Amelia Powell (left), who has worked as a bikini barista, and Derek Newman (right), who has been representing the Everett baristas in their federal civil rights lawsuit, seen here in November 2017 in Seattle. Newman in May 2018 sought to leave the case. (Rikki King / The Herald)

Amelia Powell (left), who has worked as a bikini barista, and Derek Newman (right), who has been representing the Everett baristas in their federal civil rights lawsuit, seen here in November 2017 in Seattle. Newman in May 2018 sought to leave the case. (Rikki King / The Herald)

Bikini baristas’ lawyer seeks to bow out of Everett lawsuit

Derek Newman says his clients aren’t listening to him or paying their legal bills.

EVERETT — The Everett bikini baristas face a new challenge in their legal battle: Their lawyer wants out.

Seattle attorney Derek Newman says the baristas aren’t listening to him or paying him as promised, according to paperwork filed May 24. Newman is seeking a judge’s permission to leave the case.

“There has been a substantial breakdown in the attorney-client relationship … ” he wrote. “(They) have declined material advice from counsel. This is their prerogative, but it makes representation difficult.”

The baristas have been fighting with the city of Everett since filing a federal lawsuit in September. That followed the city passing legislation banning their business model. Most of the arguments in court have been focused on how much or how little clothing the employees can wear, and if such rules violate their civil rights.

In December, a U.S. District Court judge approved a temporary ban on Everett enforcing the rules until the lawsuit was resolved. The city then asked the 9th U.S. Circuit Court of Appeals to review the ban, also known as a preliminary injunction.

The dress code requires quick service employees to wear clothing that covers the upper and lower body. (City of Everett)

The dress code requires quick service employees to wear clothing that covers the upper and lower body. (City of Everett)

That step led to the parties meeting to discuss a potential settlement, with a gathering scheduled May 7. The mediation was unsuccessful, the city later told the court.

In his motion to withdraw, Newman said he had warned his clients in person about the unpaid bills and suggested they find another attorney. His firm is out thousands of dollars, he said.

His main concerns are with one of the clients, who has ties to the bikini barista business. That client is not named as a plaintiff, unlike the Hillbilly Hotties owner, Jovanna Edge, and several of her employees.

Newman could not be reached for comment Tuesday. Edge referred questions to a spokesman, Schuyler Lifschultz. He said a new attorney, an appeals specialist from California, should be added to the case in the coming days.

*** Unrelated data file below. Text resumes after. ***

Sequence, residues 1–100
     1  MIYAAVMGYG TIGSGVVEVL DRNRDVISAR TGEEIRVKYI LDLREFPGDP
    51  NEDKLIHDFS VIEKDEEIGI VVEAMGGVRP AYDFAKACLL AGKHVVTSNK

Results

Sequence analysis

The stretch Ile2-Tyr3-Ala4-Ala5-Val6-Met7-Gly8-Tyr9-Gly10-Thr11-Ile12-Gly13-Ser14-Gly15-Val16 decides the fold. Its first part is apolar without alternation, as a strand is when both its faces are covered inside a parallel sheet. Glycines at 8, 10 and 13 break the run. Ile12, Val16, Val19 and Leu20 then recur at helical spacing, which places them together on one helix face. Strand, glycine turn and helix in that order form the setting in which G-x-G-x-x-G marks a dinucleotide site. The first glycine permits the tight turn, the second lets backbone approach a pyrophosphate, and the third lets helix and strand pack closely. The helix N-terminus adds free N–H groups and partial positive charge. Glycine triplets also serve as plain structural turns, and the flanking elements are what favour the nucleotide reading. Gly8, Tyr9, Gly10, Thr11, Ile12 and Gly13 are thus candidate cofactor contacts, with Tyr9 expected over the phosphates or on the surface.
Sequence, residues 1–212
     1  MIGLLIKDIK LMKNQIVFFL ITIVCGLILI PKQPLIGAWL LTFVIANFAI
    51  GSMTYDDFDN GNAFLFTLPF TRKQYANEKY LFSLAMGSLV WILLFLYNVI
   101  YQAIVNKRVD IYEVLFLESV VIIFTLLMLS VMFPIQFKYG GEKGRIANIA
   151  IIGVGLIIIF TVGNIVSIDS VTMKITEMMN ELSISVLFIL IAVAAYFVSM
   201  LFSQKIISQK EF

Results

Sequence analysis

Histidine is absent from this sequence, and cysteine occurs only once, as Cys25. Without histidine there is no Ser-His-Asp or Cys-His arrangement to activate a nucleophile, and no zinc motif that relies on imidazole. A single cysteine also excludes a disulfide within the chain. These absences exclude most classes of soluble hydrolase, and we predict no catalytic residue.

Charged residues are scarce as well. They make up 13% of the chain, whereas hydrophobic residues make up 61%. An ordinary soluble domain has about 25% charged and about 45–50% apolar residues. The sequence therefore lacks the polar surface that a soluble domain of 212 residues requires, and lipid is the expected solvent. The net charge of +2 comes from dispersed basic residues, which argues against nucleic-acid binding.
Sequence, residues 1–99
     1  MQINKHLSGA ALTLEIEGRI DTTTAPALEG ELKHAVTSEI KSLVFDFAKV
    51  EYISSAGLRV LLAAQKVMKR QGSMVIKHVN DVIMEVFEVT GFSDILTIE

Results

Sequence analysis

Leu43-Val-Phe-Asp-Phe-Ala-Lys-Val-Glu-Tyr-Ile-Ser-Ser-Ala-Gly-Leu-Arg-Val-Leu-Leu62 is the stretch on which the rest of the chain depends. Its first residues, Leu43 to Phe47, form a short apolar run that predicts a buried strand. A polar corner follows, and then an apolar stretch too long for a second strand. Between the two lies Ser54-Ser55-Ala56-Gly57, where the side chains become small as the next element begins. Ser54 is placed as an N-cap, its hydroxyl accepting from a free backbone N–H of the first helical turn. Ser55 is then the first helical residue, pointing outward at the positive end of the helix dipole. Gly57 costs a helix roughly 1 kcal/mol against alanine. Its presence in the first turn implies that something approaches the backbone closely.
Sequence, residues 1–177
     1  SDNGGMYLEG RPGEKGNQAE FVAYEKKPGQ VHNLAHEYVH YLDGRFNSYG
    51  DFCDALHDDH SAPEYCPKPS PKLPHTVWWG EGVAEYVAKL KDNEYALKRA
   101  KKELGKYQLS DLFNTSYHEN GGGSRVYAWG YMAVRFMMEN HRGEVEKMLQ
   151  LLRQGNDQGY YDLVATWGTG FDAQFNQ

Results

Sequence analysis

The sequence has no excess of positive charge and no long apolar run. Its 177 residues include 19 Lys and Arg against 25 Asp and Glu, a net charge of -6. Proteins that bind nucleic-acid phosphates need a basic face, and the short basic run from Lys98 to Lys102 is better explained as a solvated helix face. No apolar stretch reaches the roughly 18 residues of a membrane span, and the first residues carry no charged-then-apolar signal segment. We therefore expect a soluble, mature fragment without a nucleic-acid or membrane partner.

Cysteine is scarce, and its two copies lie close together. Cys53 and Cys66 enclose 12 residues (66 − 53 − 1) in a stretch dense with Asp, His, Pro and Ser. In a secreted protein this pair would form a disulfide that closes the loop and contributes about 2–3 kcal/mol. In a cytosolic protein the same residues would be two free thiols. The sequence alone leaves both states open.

“Not only is this not going away but we’re bringing in the proverbial big guns,” he said.

Newman’s motion said he expects the court to extend the June 25 deadline for the baristas to respond to the city’s appeal.

_________

This story was first published in the Everett Herald. Rikki King can be reached at 425-339-3449 or rking@heraldnet.com. Twitter: @rikkiking.


In consideration of how we voice our opinions in the modern world, we’ve closed comments on our websites. We value the opinions of our readers and we encourage you to keep the conversation going.

Please feel free to share your story tips by emailing editor@mi-reporter.com.

To share your opinion for publication, submit a letter through our website https://www.mi-reporter.com/submit-letter/. Include your name, address and daytime phone number. (We’ll only publish your name and hometown.) We reserve the right to edit letters, but if you keep yours to 300 words or less, we won’t ask you to shorten it.

[flipp]

More in Northwest

Bret Chiafalo. File photo
Supreme Court says state can punish WA faithless electors

Justices: Presidential electors, including Everett man, must keep pledge to back popular vote winner

Gov. Jay Inslee issued new guidance allowing the resumption of self-service buffets, salad bars, salsa bars, drink stations and other types of communal food sources in Phase 2. File photo
Buffets and salad bars back on the menu in King County

Gov. Jay Inslee has revised rules to allow self-serve food areas in Phase 2 of the state’s reopening.

State regulators keep Puget Sound Energy rates steady

Rate adjustments ease economic impact during COVID-19 pandemic

Brian Tilley (left) and Katie Dearman work the wash station Friday at Kate’s Greek American Deli in Everett. (Kevin Clark / The Herald)
Governor’s no-mask, no-service order begins across Washington

“Just do not ring up the sale,” Gov. Jay Inslee said about customers who do not don the proper masks.

King County homeless count: 11,751 people, up 5 percent from 2019

One night a year, volunteers spread out across Seattle and King County… Continue reading

Nurse Sylvia Keller, pictured with Gov. Jay Inslee, is on the front lines of the COVID-19 battle in Yakima County. Courtesy photo
Governor doubles down on mask rules

Inslee: Starting July 7, businesses do not serve those who do not wear a mask

State Capitol Building in Olympia. File photo
Politicians get pay raises, state workers get furloughs

A citizens panel approved the hikes in 2019. Unable to rescind them, lawmakers look to donate their extra earnings.

Summer vehicle travel projected to decrease this year

Traffic this summer will likely be lighter across Washington state than previous… Continue reading

AG Ferguson wants to require law enforcement statewide to report all uses of deadly force

Report to Legislature recommends centralized, easily accessible statewide website on incidents

Most Read